sound analyses (IOM, 1999a). Despite investments by federal, state, and private groups in cancer-related data systems, there are gaps in the availability of data needed to conduct quality-of-care studies, redundancies in data collection, and problems with the completeness, timeliness, and quality of the data that are collected. At the same time, there are tremendous opportunities to improve cancer care data systems through:

  • movement toward a comprehensive and coordinated national system,

  • leadership within the cancer care community,

  • cooperation among groups providing cancer data,

  • integration with national efforts to further quality of care, and

  • the application of new information technologies (e.g., computer-based patient records, Internet communications).

The board held a workshop in October 1999 to establish the characteristics of an ideal cancer care data system and to identify financial and other resources needed to help achieve that ideal. This report summarizes the workshop proceedings and board deliberations, then presents the board's recommendations for steps that can be taken to enhance current data systems to improve cancer care. The report addresses three questions:

  1. What would the ideal cancer care data system look like?

  2. How are current cancer data systems meeting the needs of healthcare systems?

  3. What steps can be taken to enhance data systems so that they can be used to monitor and improve the quality of cancer care?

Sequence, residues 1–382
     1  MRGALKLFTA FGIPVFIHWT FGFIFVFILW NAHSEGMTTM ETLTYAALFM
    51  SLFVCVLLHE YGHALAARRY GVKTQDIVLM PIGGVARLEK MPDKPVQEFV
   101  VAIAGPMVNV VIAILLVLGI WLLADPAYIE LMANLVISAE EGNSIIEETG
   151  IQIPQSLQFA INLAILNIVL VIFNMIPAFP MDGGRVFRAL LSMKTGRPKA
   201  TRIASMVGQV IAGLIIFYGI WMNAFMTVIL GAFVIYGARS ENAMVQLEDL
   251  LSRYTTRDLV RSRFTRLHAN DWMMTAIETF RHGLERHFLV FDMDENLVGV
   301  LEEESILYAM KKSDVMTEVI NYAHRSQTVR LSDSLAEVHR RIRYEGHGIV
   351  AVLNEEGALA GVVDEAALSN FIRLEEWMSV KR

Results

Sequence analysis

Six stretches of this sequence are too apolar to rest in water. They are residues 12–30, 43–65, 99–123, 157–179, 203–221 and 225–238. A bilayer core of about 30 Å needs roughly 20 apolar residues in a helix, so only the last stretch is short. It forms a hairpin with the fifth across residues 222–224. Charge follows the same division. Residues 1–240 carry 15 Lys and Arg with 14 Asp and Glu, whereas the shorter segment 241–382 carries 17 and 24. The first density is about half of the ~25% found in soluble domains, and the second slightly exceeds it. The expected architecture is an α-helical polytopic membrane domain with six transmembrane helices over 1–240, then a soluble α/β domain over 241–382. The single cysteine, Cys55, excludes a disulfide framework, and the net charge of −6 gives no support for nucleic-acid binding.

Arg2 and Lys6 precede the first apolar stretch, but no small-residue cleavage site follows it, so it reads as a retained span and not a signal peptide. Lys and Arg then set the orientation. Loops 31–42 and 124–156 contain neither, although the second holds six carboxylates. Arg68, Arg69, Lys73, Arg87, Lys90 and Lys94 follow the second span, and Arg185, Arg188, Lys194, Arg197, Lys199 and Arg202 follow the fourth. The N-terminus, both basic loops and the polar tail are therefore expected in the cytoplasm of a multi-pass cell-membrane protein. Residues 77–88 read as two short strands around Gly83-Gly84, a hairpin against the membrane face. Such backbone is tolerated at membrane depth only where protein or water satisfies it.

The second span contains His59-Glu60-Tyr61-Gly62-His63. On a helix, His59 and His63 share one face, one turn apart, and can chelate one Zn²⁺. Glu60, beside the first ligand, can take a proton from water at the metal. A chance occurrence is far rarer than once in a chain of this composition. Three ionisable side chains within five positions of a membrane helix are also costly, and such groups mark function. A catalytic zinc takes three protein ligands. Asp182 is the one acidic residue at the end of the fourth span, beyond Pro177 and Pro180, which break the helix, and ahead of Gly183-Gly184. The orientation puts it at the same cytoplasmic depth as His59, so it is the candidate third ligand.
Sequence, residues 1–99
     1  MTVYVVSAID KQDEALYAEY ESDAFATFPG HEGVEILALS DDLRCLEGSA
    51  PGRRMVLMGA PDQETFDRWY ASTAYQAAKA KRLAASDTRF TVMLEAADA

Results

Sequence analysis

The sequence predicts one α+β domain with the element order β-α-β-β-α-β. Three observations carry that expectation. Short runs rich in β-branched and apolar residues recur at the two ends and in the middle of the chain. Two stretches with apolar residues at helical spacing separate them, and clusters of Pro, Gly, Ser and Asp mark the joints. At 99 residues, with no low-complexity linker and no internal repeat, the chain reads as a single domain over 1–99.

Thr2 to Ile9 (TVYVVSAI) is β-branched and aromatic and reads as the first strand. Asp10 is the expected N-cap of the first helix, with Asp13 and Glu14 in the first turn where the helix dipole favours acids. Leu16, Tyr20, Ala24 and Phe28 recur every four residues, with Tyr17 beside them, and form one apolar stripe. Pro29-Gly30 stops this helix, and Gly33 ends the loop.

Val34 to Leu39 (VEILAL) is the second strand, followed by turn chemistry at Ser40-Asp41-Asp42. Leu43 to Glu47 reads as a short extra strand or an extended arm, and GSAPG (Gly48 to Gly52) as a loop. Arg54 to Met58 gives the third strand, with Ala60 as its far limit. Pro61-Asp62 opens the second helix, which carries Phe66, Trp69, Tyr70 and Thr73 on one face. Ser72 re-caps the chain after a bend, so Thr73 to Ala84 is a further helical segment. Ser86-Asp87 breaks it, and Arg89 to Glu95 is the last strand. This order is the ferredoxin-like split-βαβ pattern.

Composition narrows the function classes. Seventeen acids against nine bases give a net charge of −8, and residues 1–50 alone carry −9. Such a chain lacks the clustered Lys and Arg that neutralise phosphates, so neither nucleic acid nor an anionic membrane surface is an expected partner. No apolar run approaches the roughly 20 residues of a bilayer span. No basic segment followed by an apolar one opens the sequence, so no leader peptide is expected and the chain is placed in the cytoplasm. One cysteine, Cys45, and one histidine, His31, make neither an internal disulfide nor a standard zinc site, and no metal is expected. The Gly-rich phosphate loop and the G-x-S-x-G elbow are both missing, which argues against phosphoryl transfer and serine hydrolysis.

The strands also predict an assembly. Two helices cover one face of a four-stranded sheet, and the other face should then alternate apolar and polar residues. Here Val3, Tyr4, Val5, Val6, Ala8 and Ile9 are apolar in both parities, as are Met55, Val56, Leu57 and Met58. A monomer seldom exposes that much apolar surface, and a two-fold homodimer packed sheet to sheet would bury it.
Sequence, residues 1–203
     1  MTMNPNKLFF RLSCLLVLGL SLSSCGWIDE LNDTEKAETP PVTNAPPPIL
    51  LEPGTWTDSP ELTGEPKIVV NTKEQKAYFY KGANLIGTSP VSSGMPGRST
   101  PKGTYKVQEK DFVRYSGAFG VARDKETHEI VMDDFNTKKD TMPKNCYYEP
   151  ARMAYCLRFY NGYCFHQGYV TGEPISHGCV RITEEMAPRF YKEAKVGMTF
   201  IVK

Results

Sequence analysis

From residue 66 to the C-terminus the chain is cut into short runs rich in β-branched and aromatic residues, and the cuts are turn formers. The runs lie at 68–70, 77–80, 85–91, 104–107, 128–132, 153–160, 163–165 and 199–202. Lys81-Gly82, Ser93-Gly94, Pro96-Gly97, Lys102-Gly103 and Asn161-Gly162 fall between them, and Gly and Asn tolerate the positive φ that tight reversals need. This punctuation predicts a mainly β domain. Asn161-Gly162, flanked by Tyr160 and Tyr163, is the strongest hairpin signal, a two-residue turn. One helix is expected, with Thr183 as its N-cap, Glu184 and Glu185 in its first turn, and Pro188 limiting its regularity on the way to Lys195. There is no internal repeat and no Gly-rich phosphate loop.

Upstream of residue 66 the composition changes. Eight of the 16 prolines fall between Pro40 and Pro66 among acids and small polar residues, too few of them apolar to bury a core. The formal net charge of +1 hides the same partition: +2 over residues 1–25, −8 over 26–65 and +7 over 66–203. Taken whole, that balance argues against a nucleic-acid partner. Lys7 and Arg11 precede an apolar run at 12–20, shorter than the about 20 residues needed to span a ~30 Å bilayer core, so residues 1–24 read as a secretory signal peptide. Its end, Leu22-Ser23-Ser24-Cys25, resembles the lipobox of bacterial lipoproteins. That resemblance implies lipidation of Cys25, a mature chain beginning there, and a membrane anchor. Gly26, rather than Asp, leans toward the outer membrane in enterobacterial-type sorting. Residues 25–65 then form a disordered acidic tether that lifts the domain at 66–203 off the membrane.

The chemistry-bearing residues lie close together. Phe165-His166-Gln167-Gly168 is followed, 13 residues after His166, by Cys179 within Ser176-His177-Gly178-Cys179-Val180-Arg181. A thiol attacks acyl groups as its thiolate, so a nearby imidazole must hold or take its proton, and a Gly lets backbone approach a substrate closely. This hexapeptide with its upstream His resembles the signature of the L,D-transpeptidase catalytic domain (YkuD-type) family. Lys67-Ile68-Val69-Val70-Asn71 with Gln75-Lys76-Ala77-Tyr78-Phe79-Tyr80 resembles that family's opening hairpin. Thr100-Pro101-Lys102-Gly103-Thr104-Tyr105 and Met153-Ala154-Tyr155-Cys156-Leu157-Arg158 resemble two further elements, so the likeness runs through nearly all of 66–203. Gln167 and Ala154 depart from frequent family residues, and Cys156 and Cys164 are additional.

WHAT WOULD THE IDEAL CANCER CARE DATA SYSTEM LOOK LIKE?

The board concluded that to meet national quality-of-care objectives, an ideal cancer care data system (which could include several distinct databases) would have the following 10 attributes:

  1. A set of well-established quality-of-care measures—a single core set of quality measures must be developed, using the best available evidence for the full spectrum of an individual's care—from early detection to palliative and endof-life care.

  2. Reliance on computer-based patient records for information on patient care and outcomes—adoption of information technology can improve the timeliness and accuracy of information on the quality of cancer care.

  3. Standard reporting of cancer stage, presence of coexisting disease (i.e., comorbidity), and processes of care—national quality assessments depend on the uniform recording of data elements needed to accurately assess care.



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